After Spider-Man, John Constantine is probably my favourite character in comics. I have a theory about this. (Bear with me, we'll get to the review.) Whereas Peter Parker is the character I aspire to be - the one who selflessly sacrifices himself for others and is forever striving to do his best and live up to his responsibilities... John Constantine is the character I'd be if I gave up trying. The character who says - "hey, the human race is a bunch of selfish bastards, so I'm gonna be a selfish bastard too. I'll help out if I can... but I'm gonna put myself first and not worry too much about breaking a few eggs as long as there's an edible omlette at the end of it". Or something. Along the way I'd get to smoke and drink and shag whatever I wanted and tell anybody who didn't like it exactly where to go. I'd get to thumb my nose at authority and even stick two fingers up at the devil himself. I'd still get to be a hero - I just wouldn't give a toss about what anyone else thought about it. Hmm... when you put it like that... Peter Parker looks like a lot of hard work for not much reward.
Most people consider John Constantine to be an Alan Moore creation, but though Moore did conceive the character and give him his first few outings in Swamp Thing, it was Jamie Delano who made him into a lead man. Although Delano hasn't written the regular book for about 20 years, but he does return to the character every now and then for a new mini-series or original graphic novel, and the latest of those, Pandemonium, has just been released in softcover.
This time Delano takes Conjob somewhere he's never been before - to wartorn Iraq, where he ends up facing off against one of his oldest enemies in a bizarre poker game for his life. The most interesting part of this story is the set up, a honey trap involving a mysterious Muslim woman that breaks taboos revealing John's weakness for women wearing burkas. It's witty and irreverent and reminds me of a 21st Century take on Raymond Chandler.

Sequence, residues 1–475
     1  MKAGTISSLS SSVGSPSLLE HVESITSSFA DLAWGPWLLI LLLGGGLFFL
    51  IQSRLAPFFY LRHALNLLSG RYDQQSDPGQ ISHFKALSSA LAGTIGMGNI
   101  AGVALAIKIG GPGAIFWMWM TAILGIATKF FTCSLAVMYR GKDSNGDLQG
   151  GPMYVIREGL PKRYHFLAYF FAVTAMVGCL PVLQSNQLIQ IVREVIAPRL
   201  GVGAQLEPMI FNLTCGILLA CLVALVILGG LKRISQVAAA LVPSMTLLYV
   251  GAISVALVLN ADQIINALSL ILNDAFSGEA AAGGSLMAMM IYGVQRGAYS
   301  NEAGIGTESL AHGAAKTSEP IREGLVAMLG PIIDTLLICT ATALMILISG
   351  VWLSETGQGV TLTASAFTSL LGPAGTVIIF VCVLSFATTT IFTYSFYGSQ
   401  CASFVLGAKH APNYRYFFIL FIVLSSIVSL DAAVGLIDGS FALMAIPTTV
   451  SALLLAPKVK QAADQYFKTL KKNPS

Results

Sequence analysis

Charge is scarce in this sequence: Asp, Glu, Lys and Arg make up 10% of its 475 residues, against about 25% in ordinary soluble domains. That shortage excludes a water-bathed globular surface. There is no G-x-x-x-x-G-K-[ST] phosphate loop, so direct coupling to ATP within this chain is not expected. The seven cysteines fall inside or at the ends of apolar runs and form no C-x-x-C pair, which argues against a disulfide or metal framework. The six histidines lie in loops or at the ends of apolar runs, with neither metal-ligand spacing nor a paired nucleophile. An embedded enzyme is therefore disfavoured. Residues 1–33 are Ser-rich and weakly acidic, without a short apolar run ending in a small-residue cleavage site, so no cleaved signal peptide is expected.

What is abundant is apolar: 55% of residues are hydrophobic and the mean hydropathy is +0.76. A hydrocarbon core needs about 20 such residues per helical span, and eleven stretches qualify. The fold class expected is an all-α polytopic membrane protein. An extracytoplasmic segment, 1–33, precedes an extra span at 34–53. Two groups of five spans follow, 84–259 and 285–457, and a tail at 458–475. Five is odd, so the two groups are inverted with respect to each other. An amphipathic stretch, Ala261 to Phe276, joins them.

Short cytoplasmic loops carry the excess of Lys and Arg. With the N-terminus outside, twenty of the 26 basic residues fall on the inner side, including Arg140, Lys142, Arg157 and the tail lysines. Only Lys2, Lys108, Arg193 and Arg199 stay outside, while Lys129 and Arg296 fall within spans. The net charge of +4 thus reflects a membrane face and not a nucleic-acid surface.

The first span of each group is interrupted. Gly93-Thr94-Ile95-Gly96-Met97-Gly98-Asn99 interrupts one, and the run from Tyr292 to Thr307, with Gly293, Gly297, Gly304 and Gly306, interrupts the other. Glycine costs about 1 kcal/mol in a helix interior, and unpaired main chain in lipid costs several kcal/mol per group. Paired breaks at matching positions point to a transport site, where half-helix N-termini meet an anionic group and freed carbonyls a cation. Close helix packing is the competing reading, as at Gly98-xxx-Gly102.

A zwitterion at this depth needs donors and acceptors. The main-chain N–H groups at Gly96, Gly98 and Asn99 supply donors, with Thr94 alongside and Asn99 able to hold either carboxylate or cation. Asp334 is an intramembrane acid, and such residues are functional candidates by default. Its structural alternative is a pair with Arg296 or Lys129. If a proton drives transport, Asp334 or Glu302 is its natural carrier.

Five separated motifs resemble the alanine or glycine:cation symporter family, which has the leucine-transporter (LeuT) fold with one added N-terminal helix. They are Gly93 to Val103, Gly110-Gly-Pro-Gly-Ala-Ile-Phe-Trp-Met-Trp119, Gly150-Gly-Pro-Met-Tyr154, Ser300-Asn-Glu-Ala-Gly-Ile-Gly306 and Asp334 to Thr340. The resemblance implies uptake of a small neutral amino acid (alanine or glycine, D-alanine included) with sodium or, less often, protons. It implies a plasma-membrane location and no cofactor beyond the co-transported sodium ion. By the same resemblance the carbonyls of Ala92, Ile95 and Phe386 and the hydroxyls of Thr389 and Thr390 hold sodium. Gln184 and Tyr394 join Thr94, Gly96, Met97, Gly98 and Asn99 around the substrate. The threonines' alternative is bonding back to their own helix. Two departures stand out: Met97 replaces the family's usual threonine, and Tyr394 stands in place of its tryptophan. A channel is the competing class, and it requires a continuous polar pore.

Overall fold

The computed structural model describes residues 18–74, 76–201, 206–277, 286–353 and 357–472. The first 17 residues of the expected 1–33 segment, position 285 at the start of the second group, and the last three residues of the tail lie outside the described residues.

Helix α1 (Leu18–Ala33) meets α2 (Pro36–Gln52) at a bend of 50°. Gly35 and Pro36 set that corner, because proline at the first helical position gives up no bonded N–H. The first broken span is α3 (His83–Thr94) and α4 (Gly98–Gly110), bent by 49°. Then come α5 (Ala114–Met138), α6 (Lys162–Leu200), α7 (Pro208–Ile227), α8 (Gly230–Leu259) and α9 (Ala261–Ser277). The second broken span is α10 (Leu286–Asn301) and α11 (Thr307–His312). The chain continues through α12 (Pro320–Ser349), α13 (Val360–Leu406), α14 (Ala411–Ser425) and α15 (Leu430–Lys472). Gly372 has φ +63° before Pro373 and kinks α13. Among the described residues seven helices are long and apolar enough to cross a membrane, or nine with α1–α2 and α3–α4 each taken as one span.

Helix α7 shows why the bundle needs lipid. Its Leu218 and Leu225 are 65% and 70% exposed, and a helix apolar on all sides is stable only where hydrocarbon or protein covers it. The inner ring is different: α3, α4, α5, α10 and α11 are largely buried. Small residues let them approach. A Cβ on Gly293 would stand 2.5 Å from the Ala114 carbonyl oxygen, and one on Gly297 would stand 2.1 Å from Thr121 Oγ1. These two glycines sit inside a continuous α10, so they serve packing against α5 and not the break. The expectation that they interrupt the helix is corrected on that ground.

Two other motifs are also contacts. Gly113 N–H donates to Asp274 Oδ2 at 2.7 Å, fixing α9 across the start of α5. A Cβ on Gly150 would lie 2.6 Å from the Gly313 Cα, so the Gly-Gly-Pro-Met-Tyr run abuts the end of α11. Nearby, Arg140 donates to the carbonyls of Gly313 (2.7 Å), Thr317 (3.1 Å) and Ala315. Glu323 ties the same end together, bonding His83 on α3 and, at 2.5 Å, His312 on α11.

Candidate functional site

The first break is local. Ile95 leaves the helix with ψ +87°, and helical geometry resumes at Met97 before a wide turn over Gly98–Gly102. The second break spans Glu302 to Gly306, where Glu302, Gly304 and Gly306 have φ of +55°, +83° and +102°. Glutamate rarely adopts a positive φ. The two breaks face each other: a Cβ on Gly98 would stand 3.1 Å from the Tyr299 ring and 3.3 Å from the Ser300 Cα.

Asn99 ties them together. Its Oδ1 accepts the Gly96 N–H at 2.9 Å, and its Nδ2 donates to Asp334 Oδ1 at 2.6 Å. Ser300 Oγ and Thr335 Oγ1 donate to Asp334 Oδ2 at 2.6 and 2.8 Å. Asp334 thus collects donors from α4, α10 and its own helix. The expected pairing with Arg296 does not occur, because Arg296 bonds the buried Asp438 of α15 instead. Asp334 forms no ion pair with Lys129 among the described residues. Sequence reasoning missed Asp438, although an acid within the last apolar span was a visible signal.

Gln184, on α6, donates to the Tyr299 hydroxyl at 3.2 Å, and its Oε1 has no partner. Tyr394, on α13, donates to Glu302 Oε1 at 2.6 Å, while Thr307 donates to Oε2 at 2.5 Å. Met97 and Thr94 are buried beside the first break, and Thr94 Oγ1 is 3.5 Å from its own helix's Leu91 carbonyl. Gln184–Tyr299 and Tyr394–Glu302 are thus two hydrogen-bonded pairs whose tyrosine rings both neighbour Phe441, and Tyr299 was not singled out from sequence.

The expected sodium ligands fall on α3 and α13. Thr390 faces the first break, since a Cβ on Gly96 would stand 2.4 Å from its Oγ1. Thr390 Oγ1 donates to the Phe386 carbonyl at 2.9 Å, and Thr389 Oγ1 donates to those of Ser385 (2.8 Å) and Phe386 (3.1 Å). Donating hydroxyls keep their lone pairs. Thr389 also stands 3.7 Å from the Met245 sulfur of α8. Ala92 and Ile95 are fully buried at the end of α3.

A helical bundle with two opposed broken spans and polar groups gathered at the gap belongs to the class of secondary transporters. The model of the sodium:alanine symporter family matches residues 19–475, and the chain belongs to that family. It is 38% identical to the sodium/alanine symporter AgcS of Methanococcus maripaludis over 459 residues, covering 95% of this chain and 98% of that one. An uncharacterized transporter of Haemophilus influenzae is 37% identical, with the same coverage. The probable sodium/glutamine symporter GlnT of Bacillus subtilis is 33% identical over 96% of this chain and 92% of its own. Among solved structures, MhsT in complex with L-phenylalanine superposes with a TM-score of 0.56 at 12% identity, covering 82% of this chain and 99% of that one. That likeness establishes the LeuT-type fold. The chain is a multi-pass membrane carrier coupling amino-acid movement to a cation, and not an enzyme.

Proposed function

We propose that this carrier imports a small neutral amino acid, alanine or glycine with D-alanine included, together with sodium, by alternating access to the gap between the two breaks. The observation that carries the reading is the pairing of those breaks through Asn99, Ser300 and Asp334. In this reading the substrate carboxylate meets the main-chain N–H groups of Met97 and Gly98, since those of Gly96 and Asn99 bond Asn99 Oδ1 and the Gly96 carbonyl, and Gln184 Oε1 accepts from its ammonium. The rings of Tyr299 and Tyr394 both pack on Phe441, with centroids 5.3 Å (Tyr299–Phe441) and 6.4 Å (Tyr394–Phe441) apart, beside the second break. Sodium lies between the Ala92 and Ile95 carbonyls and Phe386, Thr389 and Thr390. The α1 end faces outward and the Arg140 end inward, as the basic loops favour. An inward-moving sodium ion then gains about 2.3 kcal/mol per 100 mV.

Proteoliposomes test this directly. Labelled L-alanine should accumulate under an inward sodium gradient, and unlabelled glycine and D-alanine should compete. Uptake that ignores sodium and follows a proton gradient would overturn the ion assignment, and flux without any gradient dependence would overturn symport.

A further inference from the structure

Then it's off to Iraq where Constantine gets to make snide remarks at the soldiers protecting him while undergoing a Heart of Darkness style journey that leads to a dramatic climax... at which point things gets metaphysical. Which is always the area I enjoy least in any Hellblazer adventure, though for the most part Delano aquits himself well. It feels a slight cop out that a story dealing with war and terrorism ends up getting resolved by a card game in Hell, but that's just the nature of the beast. This is a horror comic, and there always has to be a monster.
Art is provided by Jock, who demonstrated in The Losers that he's good at drawing tanks and machine guns and blowy-up stuff. His work here is reminscent of former Hellblazer artist Sean Phillips, though the bleached colouring doesn't do him many favours. I kept wanting to turn up the contrast on my set, but that probably comes from reading too many brightly-coloured superhero books.
It's good to read Delano's Hellblazer again. For all the talented writers who have worked on this character over the years, it was Delano who really defined his his voice, and that voice rings out loud and clear through the pages of Pandemonium. Intelligent, acerbic, depraved, spiteful and funny - this is classic Constantine.
Hellblazer: Pandemonium has a cover price of £14.99 but I pre-ordered my copy from Ace Comics and got a 25% discount. There's a similar discount available on Amazon, but the cheapest place I can find it online at the moment is The Book Depository where it's currently selling for £8.91 - not bad for a 126 page graphic novel.